WSL now includes new global configuration options that you can apply to each distro. This also allows you to specify options that relate to the WSL 2 virtual machine (VM), as all your WSL 2 distros run inside of the same VM. Perhaps the most significant option that you’re getting is the ability to specify a custom Linux kernel.
You can learn more about WSL version 2 in this Microsoft website.
Sync settings engine
Starting with this new version, Microsoft begins the upgrade for the settings sync engine to a better and more reliable engine.
With this update, you’ll be able to pair a Bluetooth device directly from the notification, when the device is detected, without the need to open the Settings app.
In addition, Windows 10 now has an improved interface that shows less notifications making pairing a little faster. The feature now adds a Dismiss button to the first notification to give you more control while using “Swift Pair.” Finally, to make the notification more helpful, now Windows 10 show the device name and category when possible.
Windows 10 version 2004 also includes native support for network cameras to make it easier for developers to “build security, safety and machine learning-based video analytics solutions.”
Using this new support, you’ll be able to discover, pair, configure, and stream TCP/IP-enabled for major ONVIF Profile S compliant camera brands. And as you connect new network cameras to Windows 10, the stream can be easily routed through the existing camera APIs built-in the operating system.
Also, developers building solutions for version 2004 will be able to stream from a given RTSP Uniform Resource Identifier (URI) through the same Windows camera APIs. In addition, with this new support, developers can take advantage of artificial intelligence (AI) services and features to create high performance end-to-end security solutions, including for common surveillance scenarios, such as people detection or face sentiment analysis.
Windows 10 backtracks changes and starting with version 2004, the Disk Cleanup tool will no longer include the option to empty the “Downloads” folder by mistake to free up space on your computer.
App features and changes on Windows 10 version 2004
Some of the build-in apps, including Notepad, Xbox Game Bar, and Microsoft Defender receive some welcome updates.
Starting with version 2004, Notepad introduces the ability to restore unsaved content after installing an update.
In addition, Notepad is now an app updateable through the Microsoft Store, which means that the note taking app will no longer depend on major releases of Windows 10 to get updates.
Xbox Game Bar
If you use the Xbox Game Bar, the app now displays an FPS counter and achievement overlay. (Just set focus to your game and press Windows key + G to get started.)
Starting with Windows 10 version 2004, the software giant is extending Windows Defender ATP capabilities beyond the operating system, and as a result Microsoft is renaming “Windows Defender” to “Microsoft Defender” to reflect that it’s now a cross-platform approach endpoint security.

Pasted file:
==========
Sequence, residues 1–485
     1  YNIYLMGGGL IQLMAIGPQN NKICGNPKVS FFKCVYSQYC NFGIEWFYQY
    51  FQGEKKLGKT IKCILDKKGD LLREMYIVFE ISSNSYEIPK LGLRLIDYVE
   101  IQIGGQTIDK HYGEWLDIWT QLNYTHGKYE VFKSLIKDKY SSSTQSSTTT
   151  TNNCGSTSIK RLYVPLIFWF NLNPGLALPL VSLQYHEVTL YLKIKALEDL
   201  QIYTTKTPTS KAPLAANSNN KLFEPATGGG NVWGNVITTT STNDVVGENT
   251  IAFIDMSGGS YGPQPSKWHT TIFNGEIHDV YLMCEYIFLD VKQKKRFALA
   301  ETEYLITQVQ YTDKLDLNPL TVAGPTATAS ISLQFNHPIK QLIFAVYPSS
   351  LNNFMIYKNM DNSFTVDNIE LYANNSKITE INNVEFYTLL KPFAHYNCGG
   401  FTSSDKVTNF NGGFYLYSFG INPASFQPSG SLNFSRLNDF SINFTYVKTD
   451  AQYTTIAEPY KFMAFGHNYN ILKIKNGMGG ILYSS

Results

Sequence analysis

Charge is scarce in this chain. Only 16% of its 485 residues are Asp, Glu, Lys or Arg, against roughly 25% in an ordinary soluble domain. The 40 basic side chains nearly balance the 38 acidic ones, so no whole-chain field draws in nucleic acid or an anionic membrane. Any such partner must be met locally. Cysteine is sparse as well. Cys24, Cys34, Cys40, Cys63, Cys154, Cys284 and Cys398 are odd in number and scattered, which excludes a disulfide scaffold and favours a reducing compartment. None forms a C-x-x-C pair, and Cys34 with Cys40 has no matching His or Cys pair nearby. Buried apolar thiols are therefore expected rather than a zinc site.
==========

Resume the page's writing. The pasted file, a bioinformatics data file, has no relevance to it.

Graphics features and changes with Windows 10 version 2004
As part of the May 2020 Update development, Windows 10 is also introducing the Windows Display Driver Model (WDDM) 2.7, which several new features, including DirectX 12 Raytracing Tier 1.1, DirectX 12 Mesh Shader, DirectX 12 Sampler Feedback: Texture Streaming, Texture-Space Shading, and DirectX 12 Video Protected Resource Support.
In addition, the graphic driver architecture for video card drivers also introduces a new feature know as “Hardware-accelerated GPU scheduling” for integrated and discrete GPUs.
According to Microsoft, the new Hardware-accelerated GPU scheduling feature allows supported graphics cards to manage their own memory to help reduce latency and improve graphics performance.
The new feature will work whether you’re using DirectX, OpenGL, or Vulkan, and apps like Netflix, Movies & TV, and others will also benefit from this new hardware scheduling feature.
Hardware-accelerated GPU scheduling is only available on supported cards, and you’ll need to install the latest video drivers, and then enable the feature through the Graphics settings.
Windows 10 version 2004 at glance
The Windows 10 May 2020 Update is an incremental update that delivers some welcome improvements to existing features, such as new option to reset a device with a fresh image downloaded from the cloud. Linux becomes a more capable module on Windows 10, and Cortana is no longer an essential element of the experience. Also, you can finally securely use your device without a password. The Settings app gets a bunch of tweaks and improvements. Bluetooth pairing is now an easier task, and much more.
Although you won’t see big features in this release, you’re getting a lot of enhancements, and this time around Microsoft is spending more time to make sure that everyone has a smooth experience upgrading to Windows 10 version 2004.
In the time spent testing the new feature update, performance and memory usage was at the same level of the previous version, but the overall experience will vary depending on your configuration and applications.
Editor’s note: This guide includes features and improvements that appeared until Windows 10 build 19041. It should be noted that this guide focuses on features for consumers, as Microsoft is also adding other features aimed for enterprises, which aren’t included here. (This guide was updated on June 25, 2020.)